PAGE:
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president obama in portland, people protesting obama (left) President Barack Obama speaks at a fundraising event in Portland, Oregon, on July 24. (Photo: AP Photo/Susan Walsh); (right) Kid Reporter Jacob Schroeder interviews protesters before the President's speech. (Photo courtesy Jacob Schroeder)

Election 2012: Obama Campaigns in Oregon

Supporters and protesters greet the President in Portland

By Jacob Schroeder | null null , null

President Barack Obama's reelection campaign brought him to Portland, Oregon, last Tuesday. It was his first visit to Oregon in a year.

The President's campaign event was a fundraiser held at the Oregon Convention Center. As he took the stage, the crowd chanted "Four more years!"

After joking with the crowd of supporters, Obama began his speech. He talked about creating jobs, as well as the differences between himself and his Republican opponent, Mitt Romney.

President Obama spoke for 45 minutes. His speech addressed issues like job creation, tax cuts, and health care reform.

He said the majority of Americans make less than $250,000 a year. Romney wants to increase taxes on the majority while cutting taxes for the country's richest citizens, Obama said. The President added that he wants to cut taxes for the middle class so that they will spend more money, which will help the economy recover. He also defended his health care reforms, talked about the problem of out-sourcing work overseas, and how he created 4.5 millions jobs during his term in office.

The President admitted there were a lot of problems facing the country. But he said it would take more than one year or one term as President to turn the nation around.

"But we are going to fight for the kinds of changes that ensure we got back to that basic American promise" that if you work hard in this country you can make it, President Obama said.

Many people at the President's speech were energized by his visit. Two of these supporters were kids.

protesters in portland oregon
Protesters gather outside the Oregon Convention Center before President Barack Obama's campaign event. (Photo courtesy Jacob Schroeder)
Matthew and Joey G. from Portland came to "listen to the President speak, and give support so that he can get re-elected for another four years," Matthew explained. "Other kids should learn more about our President, even if you're not into that kind of thing. I think it is important to know."

Another person excited by the President's visit was Brandyn Keating, the Oregon Director for President Obama's reelection campaign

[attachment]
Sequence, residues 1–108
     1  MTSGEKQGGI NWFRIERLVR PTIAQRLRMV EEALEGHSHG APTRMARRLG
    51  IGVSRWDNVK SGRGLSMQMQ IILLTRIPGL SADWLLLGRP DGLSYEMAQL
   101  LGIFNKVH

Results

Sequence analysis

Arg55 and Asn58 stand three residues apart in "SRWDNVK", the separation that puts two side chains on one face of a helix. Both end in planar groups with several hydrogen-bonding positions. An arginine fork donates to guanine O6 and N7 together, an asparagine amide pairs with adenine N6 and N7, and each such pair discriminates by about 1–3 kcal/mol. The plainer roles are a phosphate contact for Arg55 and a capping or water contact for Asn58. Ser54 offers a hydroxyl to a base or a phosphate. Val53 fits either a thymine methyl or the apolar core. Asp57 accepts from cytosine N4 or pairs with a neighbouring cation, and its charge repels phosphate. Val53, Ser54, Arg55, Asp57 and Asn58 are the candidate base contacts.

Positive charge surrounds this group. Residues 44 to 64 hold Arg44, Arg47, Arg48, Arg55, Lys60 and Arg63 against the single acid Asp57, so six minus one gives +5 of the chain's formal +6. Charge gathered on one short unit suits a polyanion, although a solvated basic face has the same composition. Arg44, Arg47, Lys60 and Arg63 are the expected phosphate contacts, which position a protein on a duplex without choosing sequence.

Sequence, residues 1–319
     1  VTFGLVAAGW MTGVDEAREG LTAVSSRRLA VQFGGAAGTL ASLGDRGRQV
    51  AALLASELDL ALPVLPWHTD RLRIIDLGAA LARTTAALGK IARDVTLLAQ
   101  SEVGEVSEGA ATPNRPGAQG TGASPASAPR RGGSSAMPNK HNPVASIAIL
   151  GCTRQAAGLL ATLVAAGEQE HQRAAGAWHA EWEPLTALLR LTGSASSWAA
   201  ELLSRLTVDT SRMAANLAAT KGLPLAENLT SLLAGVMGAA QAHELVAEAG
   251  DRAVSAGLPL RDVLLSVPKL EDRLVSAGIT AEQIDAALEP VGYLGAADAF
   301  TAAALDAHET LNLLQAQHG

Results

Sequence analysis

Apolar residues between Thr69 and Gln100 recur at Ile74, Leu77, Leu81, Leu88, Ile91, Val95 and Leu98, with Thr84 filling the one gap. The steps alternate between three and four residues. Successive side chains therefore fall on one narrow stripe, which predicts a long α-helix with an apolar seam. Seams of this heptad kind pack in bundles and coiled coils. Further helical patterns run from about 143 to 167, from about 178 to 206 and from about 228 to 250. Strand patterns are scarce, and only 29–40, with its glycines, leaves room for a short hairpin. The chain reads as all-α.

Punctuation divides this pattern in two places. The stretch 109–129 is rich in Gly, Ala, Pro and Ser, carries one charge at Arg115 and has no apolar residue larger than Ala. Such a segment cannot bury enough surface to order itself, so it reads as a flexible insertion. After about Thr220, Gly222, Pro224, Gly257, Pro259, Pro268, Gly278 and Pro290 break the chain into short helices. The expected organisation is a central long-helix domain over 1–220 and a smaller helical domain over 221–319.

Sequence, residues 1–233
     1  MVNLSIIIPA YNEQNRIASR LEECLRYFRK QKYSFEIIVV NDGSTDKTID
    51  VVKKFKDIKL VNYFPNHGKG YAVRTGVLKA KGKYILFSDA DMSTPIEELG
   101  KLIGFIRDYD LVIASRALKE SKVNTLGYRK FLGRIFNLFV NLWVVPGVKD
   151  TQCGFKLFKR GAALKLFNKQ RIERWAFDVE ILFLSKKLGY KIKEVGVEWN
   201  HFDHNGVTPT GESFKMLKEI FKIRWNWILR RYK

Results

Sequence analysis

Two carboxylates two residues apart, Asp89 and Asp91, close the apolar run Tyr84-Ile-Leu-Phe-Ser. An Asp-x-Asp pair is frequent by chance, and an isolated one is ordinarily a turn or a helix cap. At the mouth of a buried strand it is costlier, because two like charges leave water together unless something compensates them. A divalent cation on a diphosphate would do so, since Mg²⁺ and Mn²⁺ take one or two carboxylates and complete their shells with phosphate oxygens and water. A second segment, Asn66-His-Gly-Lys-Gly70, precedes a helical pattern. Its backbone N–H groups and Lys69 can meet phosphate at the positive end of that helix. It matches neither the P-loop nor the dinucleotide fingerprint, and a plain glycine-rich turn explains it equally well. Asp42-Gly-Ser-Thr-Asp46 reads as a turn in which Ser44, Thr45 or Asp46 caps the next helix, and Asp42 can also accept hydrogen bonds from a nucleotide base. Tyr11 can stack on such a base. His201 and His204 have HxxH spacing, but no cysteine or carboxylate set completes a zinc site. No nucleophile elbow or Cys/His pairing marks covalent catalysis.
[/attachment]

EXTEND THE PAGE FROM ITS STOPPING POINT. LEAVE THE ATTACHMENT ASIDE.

"We need another four years of President Obama," she said. "We are continuing to build the movement that we started in 2008."

Support Inside, Protest Outside

While people inside the convention center supported the President, protesters gathered outside the Portland Convention Center hopeful that President would hear their messages or see their huge and colorful signs as he drove by.

Although most used signs, some protesters chanted and spoke into an amplifier to get their point across. Some shouted bad words and bad mouthed the President yelling on the street corner across the street from the convention center.

One protester dressed in an oversized Obama costume that looked like a gigantic cartoon of the president's face.

Two teachers stood across the street from the convention center holding signs. One of them was Donna Daniel. She held many signs protesting the President's record.

"I want to voice my opinion to President Obama that I don't like how he is governing us," she said. "I want us out of Afghanistan. I am here because I hope he will see some of our signs and listen to his people instead of just listening to the big wealthy people."

She said she is an Obama supporter and will vote for President Obama because "the choice is ugly." But she is deeply disappointed in him, she added.

The other teacher, Rain Daniel, explained, "We want to educate all the people who are passing [by the convention center] and raise awareness of all the spending that we do on war and all the money we waist on giving big corporations tax breaks when regular hard working people like us are taxed way more than rich corporations."

Like many of the other protesters, Daniels thought that everyone should "pay their fair share to support our schools, education, health care, and our firemen."


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About the Author

Jacob Schroeder is a member of the Scholastic Kids Press Corps,

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